The MetricData object contains the information on each trajectory, including the corresponding projection. For example, for simulation 14:

sim: simid = 14
projection: np.array(shape=(200, 2493))
reference: np.array(shape=(200, 2))
cluster: None

The projection data can be easily accessed as a whole in the MetricData.dat property, which is an array of size equal to the number of trajectories. We can check the projection data of simulation 14 with:

data.dat[14]  # equivalent to data.trajectories[14].projection
array([[ 25.02148819,  22.95205688,  22.94793129, ...,  32.08512497,
         35.54423523,  36.99856567],
       [ 26.67520523,  23.7568512 ,  23.29753304, ...,  32.78013992,
         36.31970978,  37.90874863],
       [ 25.62865257,  23.9732132 ,  23.40108299, ...,  34.10222626,
         37.37914276,  38.52599335],
       [ 42.73937607,  43.45667648,  40.32186127, ...,  42.97974014,
         40.95644379,  42.0711174 ],
       [ 37.95848846,  40.92785263,  39.53430176, ...,  38.68696976,
         37.77161789,  39.62480164],
       [ 42.03954697,  42.95910263,  42.93307495, ...,  42.20518112,
         41.23760986,  42.07869339]], dtype=float32)
bundledprojs = np.vstack(data.dat) # np.concatenate can be used instead as well
(62600, 2493)

Operations and calculations#

One can use numpy functions like np.min, np.max, np.average to do calculations over the projected data: * get the global minimum over all data

global_minimum = np.min(bundledprojs)
  • get the maximum distance on each frame:

max_eachframe = np.max(bundledprojs,axis=1)
array([ 54.39825058,  53.99809647,  55.22867203, ...,  40.54018021,
        39.33503342,  37.30210876], dtype=float32)
  • or get the average of each pair across all frames:

avg_acrossframes = np.average(bundledprojs,axis=0)
array([ 34.95511627,  33.69743729,  33.09692001, ...,  32.52411652,
        33.0621109 ,  33.91365433], dtype=float32)

The axis property is important to make the operation over the desired dimension:

  • axis=1, in this case, operates over all pairs, to give a result for each frame

  • axis=0, in this case, operates over all frames, to give a result for each pair

But how can we know to what particular atoms of the system corresponds a given indexed pair?

Playing with the projection mapping#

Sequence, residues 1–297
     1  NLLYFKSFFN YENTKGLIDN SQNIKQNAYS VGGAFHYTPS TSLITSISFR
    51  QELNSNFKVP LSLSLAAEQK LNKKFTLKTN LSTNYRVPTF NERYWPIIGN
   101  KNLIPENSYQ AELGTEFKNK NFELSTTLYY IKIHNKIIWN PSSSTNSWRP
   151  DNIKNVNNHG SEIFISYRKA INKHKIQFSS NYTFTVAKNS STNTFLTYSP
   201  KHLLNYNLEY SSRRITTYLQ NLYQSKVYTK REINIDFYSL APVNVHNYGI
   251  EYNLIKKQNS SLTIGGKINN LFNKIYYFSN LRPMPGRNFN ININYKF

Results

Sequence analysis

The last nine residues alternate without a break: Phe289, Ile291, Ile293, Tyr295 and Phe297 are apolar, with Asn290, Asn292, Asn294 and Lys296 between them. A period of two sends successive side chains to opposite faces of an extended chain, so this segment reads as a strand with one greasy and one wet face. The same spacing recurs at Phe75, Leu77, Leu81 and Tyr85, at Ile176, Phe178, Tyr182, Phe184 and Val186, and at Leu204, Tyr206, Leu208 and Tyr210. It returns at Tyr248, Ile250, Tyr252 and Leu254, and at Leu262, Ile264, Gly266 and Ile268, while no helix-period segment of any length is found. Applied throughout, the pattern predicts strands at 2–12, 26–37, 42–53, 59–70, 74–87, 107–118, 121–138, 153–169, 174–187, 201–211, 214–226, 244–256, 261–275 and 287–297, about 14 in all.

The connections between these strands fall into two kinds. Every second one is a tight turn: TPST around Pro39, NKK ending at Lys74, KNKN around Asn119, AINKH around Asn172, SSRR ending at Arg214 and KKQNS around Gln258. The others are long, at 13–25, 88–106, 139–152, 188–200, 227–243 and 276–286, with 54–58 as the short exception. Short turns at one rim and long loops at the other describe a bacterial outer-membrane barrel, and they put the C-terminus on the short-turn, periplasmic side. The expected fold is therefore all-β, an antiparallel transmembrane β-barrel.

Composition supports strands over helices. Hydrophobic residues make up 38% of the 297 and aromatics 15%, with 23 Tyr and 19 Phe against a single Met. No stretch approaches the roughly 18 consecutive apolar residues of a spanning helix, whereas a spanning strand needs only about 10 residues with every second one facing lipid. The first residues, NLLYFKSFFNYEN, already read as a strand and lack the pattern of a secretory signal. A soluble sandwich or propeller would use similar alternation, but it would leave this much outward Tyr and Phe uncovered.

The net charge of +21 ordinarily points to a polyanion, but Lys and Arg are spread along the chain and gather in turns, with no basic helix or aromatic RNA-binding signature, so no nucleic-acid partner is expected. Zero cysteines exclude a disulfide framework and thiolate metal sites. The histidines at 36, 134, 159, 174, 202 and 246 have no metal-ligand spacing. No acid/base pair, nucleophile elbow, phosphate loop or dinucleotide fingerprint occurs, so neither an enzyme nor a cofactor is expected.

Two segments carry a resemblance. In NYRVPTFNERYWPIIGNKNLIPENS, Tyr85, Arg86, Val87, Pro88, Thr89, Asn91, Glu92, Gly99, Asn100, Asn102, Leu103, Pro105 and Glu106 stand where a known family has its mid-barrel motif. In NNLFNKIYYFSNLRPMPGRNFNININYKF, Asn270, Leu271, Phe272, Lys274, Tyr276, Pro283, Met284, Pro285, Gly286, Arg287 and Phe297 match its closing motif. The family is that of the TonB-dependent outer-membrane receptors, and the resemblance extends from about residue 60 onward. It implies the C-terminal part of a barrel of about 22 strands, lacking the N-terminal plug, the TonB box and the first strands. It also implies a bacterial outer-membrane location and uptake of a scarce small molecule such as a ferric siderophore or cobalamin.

The mapping (meaning of each index) of the projection can be obtained from the property:

  • the mapping is a pandas DataFrame object

The head method of DataFrame can be used to print the top entries of the mapping:
atomIndexes description type
0 [4, 4480] distance between GLU 1 CA and MOL 278 C3 distance
1 [19, 4480] distance between ALA 2 CA and MOL 278 C3 distance
2 [29, 4480] distance between ASP 3 CA and MOL 278 C3 distance
3 [41, 4480] distance between CYX 4 CA and MOL 278 C3 distance
4 [51, 4480] distance between GLY 5 CA and MOL 278 C3 distance

One can assess particular elements of the mapping through:

  • iloc - i(nteger)loc(ation):[20:22]
atomIndexes description type
20 [321, 4480] distance between ARG 21 CA and MOL 278 C3 distance
21 [345, 4480] distance between GLU 22 CA and MOL 278 C3 distance
  • loc (using the DataFrame index):[20]
atomIndexes                                  [321, 4480]
description    distance between ARG 21 CA and MOL 278 C3
type                                            distance
Name: 20, dtype: object
  • or direct assess to the array elements:['description'][20]
'distance between ARG 21 CA and MOL 278 C3'

One can use the mapping to find out to what particular pair of elements the minimum distance found in the trajectories corresponds to.

The np.where functionality gives us the array coordinates where a given condition is matched (in this case, when the distance is equal to the minimum):

frame, index = np.where(bundledprojs == global_minimum)
print(bundledprojs[frame, index]) # confirm that indeed these coordinates correspond the inquired value
[ 2.9201436]

Then, using the index in the mapping shown before:[index]
atomIndexes description type
2196 [4113, 4497] distance between GLY 258 CA and MOL 278 N3 distance

gives us the atom indexes and description of the pair.